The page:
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Keith Nuthall reports on how paint and coatings firms face detailed EU sustainability reporting standards
Large paint and coatings companies operating in the European Union (EU) will now almost certainly have to comply with the first European Sustainability Reporting Standards (ESRS), now released by the European Commission. Assuming they are backed by the European Parliament and the EU Council of Ministers (which is expected), they will become mandatory for EU listed companies (except micro-companies), who will start sustainability reporting according to ESRS from 2025. The Commission has reduced the number of mandatory reporting requirements compared to the original model drafted by the EFRAG (the European Financial Reporting Advisory Group), but companies still must follow two reporting standards on general sustainability reporting, and there are 10 other standards that should be followed if directly relevant to a business’ operations. Given the work of paint and coatings firms, many will be applicable, such as reporting on their climate impact, pollution, water and marine resources affects and potential harm to biodiversity and ecosystems, for example.
Meanwhile, the Council and the Parliament are negotiating a new EU directive imposing exposure limits for workers making or handling diisocyanates, a hardener in industrial paints, glues, varnishes and resins. “There are currently no limit values for diisocyanates at EU level, yet they are known to cause asthma and other respiratory diseases,” said a Council note. The proposal – if approved as currently drafted – would set an occupational exposure limit for diisocyanates at 6µg NCO/m3 and a short-term average exposure over 15 minutes of 12µg NCO/m3.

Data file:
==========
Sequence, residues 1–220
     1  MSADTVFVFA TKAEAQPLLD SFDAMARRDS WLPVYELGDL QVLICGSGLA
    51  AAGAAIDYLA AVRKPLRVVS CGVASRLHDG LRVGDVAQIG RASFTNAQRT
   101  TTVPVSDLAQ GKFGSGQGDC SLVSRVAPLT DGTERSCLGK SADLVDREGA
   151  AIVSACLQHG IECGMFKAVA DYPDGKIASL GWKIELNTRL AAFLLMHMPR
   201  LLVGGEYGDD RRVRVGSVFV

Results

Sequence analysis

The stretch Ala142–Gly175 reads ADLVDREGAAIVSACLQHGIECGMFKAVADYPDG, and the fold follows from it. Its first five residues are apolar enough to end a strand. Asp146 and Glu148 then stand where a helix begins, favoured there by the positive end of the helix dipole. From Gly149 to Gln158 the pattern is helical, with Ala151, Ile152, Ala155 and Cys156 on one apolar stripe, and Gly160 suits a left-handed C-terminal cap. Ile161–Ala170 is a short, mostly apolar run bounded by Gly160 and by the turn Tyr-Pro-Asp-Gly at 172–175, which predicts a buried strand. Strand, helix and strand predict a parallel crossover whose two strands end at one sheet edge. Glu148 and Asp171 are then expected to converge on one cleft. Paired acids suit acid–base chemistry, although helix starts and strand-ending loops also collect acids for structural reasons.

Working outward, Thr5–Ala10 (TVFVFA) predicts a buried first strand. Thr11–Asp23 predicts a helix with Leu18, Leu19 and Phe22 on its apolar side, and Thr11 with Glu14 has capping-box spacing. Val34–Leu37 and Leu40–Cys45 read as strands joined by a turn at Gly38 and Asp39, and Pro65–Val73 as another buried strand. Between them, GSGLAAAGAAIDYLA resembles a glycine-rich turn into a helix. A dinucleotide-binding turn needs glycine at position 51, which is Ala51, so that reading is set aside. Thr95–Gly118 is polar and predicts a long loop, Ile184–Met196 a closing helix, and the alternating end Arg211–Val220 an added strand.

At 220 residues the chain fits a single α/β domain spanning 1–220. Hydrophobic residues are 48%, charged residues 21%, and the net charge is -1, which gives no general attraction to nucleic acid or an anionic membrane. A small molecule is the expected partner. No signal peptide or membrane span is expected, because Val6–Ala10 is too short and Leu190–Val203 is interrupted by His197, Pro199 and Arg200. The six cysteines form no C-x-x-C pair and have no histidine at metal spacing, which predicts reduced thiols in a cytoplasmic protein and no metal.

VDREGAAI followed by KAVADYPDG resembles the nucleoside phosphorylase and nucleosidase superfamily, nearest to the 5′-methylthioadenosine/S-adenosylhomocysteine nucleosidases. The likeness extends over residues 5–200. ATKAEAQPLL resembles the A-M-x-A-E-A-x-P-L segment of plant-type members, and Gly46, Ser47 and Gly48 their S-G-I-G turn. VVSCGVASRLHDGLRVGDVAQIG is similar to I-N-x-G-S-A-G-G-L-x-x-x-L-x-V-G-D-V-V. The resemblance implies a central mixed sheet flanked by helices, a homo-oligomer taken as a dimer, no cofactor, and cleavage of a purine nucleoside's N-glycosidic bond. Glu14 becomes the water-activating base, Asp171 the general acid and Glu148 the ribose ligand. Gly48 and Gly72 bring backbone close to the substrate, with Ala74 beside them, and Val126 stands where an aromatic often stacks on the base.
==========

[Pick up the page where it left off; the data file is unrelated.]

The European Chemicals Agency (ECHA) has added paint, ink, coatings and adhesive ingredient Diphenyl(2,4,6-trimethylbenzoyl)phosphine oxide to its candidate list for the EU’s register of chemicals requiring special authorisation for usage. ECHA has acted over concerns this ingredient is toxic for reproduction. A final decision on its status will be made by the European Commission.
The European Parliament’s environment committee has proposed strengthening planned reforms to the EU’s water framework directive, the groundwater directive and environmental quality standards directive (surface water directive). MEPs have proposed that a watch list, kept under close review by member states for potential regulations limiting their release, should be potentially unlimited (not capped as proposed by the European Commission) and thenceforth updated regularly. The committee also wants microplastics (a potential pollutant from coatings), plus coating ingredients sulphates and xanthates (used in anti-fouling applications) to be listed as soon as possible.